The Poetry In What We See

Three poems
by Brandon Greer

There is something about Sundays
that doesn’t sit right with me
doesn’t feel right
doesn’t float around inside
my skull as easy as the
other days seem to.

It’s in the way the dog
licks his tail and the heavy
look in his eyes
at the food bowl near
the back door.

It’s in the way children
spend every second wisely
playing as many games as they
can because they know that
the school bell is only
hours away.

It’s in the way men and women
hurry through yard work and
laundry so they can have
a few hours of television
before having to sleep
because punching the clock
at a nine-to-five
is just as close as
the school bells
of their children.

It’s in the way the drunk
finishes his last beer
too drunk to drive
and the nearest town that
sells alcohol on such a holy day
is thirty miles away.

It’s in the way the whores
wake up with matted hair
and pick the crust of Saturday
night from the corners of their
eyes while searching for a pair
of panties in the dirty clothes basket.

It’s in the way that Christ
hangs on the cross in
countless churches
wood and plaster face
and body
and crown of thorns
always hanging there
being forgotten as the
sun lowers and fills
the altars with darkness
and mouse-like quietness.

It’s in the way that
I have written these words
sad and slow
and knowing that
there is
some truth


We Beat These Keys

We beat these keys because it
is the only way we know how to
beat anything at all.

We’re not the soldiers on the
battlefield with rifles and grenades—
pens and notebooks and typewriters
are our rifles, and a strong thought
or moment of clarity carries our charge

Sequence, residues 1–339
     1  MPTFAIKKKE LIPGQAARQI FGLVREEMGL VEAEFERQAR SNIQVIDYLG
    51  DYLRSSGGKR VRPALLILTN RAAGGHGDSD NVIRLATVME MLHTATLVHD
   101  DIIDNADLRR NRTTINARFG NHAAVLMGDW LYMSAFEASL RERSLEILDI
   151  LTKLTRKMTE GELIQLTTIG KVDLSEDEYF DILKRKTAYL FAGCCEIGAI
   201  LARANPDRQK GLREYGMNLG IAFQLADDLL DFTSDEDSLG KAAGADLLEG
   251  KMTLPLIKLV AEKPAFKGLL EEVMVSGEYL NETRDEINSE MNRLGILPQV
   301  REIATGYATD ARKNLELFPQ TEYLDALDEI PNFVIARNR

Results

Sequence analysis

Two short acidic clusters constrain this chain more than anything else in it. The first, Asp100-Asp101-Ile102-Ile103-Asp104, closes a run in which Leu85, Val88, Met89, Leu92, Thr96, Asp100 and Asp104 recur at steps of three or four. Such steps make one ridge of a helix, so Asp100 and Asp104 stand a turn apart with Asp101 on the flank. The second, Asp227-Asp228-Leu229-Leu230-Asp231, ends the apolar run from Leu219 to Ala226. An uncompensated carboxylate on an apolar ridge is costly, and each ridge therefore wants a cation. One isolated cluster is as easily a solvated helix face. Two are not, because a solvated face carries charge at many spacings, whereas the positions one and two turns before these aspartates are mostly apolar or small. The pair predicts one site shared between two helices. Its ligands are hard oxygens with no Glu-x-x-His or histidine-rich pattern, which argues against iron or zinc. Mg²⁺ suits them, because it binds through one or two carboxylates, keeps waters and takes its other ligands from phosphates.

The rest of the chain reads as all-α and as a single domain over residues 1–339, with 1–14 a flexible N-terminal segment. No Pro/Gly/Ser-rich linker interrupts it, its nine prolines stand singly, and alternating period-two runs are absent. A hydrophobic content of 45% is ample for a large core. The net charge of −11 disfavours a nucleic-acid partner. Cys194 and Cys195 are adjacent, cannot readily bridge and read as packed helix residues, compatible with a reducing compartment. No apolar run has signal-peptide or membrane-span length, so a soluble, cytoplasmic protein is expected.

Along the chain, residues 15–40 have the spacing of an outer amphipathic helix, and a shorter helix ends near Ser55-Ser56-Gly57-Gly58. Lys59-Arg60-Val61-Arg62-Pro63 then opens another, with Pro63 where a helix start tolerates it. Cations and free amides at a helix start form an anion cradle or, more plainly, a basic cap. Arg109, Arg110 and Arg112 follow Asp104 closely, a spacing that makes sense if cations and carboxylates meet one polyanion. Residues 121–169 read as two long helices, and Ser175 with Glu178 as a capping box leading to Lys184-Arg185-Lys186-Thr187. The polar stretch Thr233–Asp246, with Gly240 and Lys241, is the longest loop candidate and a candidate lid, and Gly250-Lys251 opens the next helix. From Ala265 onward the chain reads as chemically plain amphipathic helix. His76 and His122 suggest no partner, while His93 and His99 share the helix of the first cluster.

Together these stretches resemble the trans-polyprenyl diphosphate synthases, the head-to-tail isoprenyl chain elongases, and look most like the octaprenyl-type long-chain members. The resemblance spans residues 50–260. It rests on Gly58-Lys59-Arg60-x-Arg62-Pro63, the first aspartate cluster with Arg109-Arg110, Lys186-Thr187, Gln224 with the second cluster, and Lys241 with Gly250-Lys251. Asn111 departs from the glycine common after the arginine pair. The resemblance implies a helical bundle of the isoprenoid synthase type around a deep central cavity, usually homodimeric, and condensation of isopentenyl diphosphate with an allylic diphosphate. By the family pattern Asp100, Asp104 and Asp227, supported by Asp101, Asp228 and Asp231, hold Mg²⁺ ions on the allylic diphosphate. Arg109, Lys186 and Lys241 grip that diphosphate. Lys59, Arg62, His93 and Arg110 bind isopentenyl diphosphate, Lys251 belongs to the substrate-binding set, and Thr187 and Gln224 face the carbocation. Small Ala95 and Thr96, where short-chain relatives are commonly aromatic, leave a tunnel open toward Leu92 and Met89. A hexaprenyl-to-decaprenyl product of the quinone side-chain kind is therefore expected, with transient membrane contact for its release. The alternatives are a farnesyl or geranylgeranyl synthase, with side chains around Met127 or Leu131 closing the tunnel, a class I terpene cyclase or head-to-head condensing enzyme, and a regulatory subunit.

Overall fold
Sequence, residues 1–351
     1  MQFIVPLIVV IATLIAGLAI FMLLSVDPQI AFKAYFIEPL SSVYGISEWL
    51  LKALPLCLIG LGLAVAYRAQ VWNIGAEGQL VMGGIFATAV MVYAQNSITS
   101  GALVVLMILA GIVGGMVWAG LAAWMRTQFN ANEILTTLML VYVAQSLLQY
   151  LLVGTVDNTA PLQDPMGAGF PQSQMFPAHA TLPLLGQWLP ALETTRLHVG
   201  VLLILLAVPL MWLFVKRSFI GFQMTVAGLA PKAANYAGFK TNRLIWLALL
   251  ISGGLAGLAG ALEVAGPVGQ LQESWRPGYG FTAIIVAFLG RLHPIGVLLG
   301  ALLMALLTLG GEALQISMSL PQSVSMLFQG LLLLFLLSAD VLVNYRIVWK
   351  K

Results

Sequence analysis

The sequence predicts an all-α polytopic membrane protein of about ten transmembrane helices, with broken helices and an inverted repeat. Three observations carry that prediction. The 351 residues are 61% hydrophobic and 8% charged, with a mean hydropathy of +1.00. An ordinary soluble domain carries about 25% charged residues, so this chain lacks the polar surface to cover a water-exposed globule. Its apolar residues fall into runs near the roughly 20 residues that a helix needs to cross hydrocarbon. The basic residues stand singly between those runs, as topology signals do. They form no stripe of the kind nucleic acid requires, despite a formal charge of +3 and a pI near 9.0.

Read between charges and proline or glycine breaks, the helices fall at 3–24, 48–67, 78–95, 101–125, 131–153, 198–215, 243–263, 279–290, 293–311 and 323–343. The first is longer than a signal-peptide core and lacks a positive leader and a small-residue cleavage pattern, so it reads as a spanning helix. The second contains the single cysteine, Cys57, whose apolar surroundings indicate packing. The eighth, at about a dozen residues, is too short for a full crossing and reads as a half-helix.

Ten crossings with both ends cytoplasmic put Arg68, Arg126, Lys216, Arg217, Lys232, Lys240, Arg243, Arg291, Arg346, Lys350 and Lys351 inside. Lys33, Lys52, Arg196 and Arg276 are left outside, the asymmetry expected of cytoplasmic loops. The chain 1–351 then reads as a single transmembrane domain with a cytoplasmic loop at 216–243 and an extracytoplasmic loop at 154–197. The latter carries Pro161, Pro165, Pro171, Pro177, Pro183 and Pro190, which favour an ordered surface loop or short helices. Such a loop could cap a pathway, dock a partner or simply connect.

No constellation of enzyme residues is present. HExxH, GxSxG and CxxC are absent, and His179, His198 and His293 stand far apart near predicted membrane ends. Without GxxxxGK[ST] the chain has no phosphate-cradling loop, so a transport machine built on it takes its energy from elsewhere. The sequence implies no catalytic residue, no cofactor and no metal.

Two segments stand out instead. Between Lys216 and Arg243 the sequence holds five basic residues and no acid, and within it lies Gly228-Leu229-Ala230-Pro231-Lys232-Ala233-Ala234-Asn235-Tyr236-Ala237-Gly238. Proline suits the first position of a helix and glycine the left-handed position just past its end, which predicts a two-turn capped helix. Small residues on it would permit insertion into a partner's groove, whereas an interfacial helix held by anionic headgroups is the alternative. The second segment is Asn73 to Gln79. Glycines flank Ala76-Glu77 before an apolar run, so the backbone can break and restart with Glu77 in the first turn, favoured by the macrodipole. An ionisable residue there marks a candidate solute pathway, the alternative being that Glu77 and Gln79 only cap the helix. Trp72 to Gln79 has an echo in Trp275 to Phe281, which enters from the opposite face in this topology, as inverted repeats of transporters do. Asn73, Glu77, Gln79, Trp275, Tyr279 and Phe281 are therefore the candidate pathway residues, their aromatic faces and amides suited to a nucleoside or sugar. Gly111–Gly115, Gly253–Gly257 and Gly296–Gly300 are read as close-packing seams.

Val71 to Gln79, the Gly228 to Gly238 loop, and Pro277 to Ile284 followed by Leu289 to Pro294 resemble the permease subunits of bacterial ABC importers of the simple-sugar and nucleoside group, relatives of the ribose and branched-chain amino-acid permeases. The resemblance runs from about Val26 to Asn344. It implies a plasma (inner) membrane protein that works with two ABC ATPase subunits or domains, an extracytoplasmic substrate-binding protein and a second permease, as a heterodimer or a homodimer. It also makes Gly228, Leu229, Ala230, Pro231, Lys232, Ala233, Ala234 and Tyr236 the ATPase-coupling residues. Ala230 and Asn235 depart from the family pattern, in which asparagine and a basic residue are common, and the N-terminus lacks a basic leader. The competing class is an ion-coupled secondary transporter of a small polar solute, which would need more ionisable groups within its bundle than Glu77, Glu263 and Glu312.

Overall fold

like land mines.

We can’t always save the bum on the
street who used to be a well-respected
pillar of the community,
but we can take note of the spark in
his eyes and the stubble on his chin
and the stories he has of the past,
and some day write it all down in
hopes that the best parts of him will
never be forgotten.

We beat these keys because our
words, when written, are louder
than our


I Have Seen

I have seen
trembling hands
reaching for a drink,
powder formed into
white lines on coffee tables,
belts tightened around
biceps to produce
an accessible vein.

I have seen
hands clenched
into hammers that pound
against walls and
mirrors and faces
until the flesh was
gnarled away from
the knuckles.

I have seen
roaches crawling
along the rails of
baby cribs,
toddlers loose on
the sidewalk in diapers,
while parents are too
busy screaming and breaking
bottles to care about
anything else.

I have seen
prom queens
and star quarterbacks
fall into nothingness,
clutching pipes soiled
with crystal meth until
they landed upon the rocks.

I have seen
me write
about all of this before,
each time hoping
that things get better
for them
for me
for us.


Brandon Greer has lived in southern Illinois all of his life. Some of his work has been published in TPG Magazine, and his poem “Wondering About Death” will appear in the 2016 issue of The Broad River Review.


Published by


I am a dreamer, as well as a doer, who lives in the North Georgia mountains. I started my publishing journey August of 2013, have had moderate success, but my utmost passion is my "daytime" job, which is working with adults who are constantly striving to better their lives as they obtain the GED credential.

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